Having Trouble Sleeping? It could be the Moon

moon illustration

Does the Full Moon Really Have an Impact on the Human Body?

Without fail, when the moon is full, one can look on Facebook, Twitter or any other social media site – or message board – and find mom after mom, dad after dad, complaining that their children are having trouble sleeping. Either they are waking up with nightmares or are so wired that they are wide awake and unable to sleep. They aren’t alone. Many adults have trouble too. Much research has been done, many questions asked, but there aren’t many answers out there.

What is a Full Moon?

Wikipedia defines a full moon as a lunar phase that occurs when the moon is on the opposite side of the Earth from the sun. More precisely, the site describes a full moon as “when the geocentric apparent (ecliptic) longitudes of the Sun and Moon differ by 180 degrees; the Moon is then in opposition with the Sun.”

Full moons are traditionally associated with temporal insomnia, insanity (hence the terms lunacy and lunatic) and various “magical phenomena.”

Sleep Patterns and the Moon

In a 2008 article for the Arizona Republic, Clay Thompson refers to a study a few years ago in which researchers from the Austrian Society for Sleep Medicine and Sleep Research studied the sleep patterns of 391 people from various European countries. They found eight percent of those surveyed had difficulty sleeping. On the other hand, 25 percent said they sleep unusually well when the moon is full. Why a full moon keeps some people awake apparently is a mystery.

The Moon’s Effect on Water and Gravity

Nicole, an author on The Baby Sleep Site (TM), recently wrote on the moon’s effect on a baby’s sleep, finding through her informal research that in theory the moon could have an impact. The moon, after all, affects the ebb and flow of liquids, including the oceans’ tides and the human body is made up of more than two-thirds water.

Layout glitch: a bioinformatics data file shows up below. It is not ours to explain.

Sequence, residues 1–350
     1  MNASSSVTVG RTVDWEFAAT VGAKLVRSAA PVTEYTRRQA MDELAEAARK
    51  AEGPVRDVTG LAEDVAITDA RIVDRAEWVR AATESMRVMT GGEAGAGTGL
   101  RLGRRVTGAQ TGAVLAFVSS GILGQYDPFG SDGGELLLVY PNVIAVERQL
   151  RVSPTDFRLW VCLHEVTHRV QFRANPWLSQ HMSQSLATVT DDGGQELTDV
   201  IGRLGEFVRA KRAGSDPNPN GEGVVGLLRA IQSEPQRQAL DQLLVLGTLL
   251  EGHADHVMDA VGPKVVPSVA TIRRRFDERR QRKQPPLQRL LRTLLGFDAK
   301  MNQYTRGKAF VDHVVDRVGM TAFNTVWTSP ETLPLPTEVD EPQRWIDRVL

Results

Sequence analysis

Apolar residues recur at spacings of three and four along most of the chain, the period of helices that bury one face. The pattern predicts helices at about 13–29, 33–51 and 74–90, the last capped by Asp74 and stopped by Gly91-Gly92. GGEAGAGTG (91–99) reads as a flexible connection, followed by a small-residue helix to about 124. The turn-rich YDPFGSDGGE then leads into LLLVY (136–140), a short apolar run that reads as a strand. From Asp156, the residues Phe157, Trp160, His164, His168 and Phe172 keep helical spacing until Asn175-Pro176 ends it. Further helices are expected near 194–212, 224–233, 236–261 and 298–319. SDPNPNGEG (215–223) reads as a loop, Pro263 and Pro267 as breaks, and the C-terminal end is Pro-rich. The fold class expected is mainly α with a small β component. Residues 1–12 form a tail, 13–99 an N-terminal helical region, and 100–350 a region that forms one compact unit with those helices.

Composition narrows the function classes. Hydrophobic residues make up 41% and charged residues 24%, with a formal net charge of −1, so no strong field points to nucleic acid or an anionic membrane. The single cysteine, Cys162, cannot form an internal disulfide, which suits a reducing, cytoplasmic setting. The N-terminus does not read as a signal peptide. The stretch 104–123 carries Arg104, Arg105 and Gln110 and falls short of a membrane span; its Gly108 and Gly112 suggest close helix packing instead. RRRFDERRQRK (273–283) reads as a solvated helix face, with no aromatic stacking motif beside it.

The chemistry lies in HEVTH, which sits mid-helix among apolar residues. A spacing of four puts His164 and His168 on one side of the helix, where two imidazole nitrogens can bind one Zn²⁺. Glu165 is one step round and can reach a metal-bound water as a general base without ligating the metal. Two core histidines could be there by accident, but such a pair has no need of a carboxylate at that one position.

Scientists, however, know that the gravitational tug of a full moon on the human body is about as strong as a mosquito landing on your skin. Still, there is plenty of anecdotal evidence about people acting weird or being restless during a full moon.

In an article on the full moon and sleep, Healthcentral.com author Florence Cardinal notes that Shakespeare, in Midsummer Night’s Dream, referred to the moon as “governess of the floods.”

According to the Bible, there is “a time to plant and a time to pluck up that which is planted.” Many calendars and almanacs carry moon phase planting guides and even fishing guides.

The Sleep-Wake Cycle

In the Journal of Affective Disorders in 1999, researchers suggested that before modern lighting, “the moon was a significant source of nocturnal illumination that affected [the] sleep–wake cycle, tending to cause sleep deprivation around the time of full moon.” They speculated that “this partial sleep deprivation would have been sufficient to induce mania/hypomania in susceptible bipolar patients and seizures in patients with seizure disorders.”

With all these many links to the moon, it’s not surprising, then, that when the moon is full, some suffer from insomnia, others suffer from strange dreams and nightmares and some sleepwalk.

The jury is out on the moon’s impact on sleep, though, as some babies and adults, for some reason, sleep better when the moon is full, even if it’s shining onto a crib or bed through an open blind.

Moon Myths

Robert Roy Britt, editorial director of Space.com, for his part notes that moon myths are just that because tides occur not just at full moon but also at new moon, when the moon is between Earth and the sun (and we cannot see the moon) and the planet feels the combined gravitational effect of these two objects.

So if you or your child find yourselves jumping off the walls – or bouncing on beds – during a full moon, you may not be alone. Scientists can’t explain it but rest assured (no pun intended) that you’re not alone.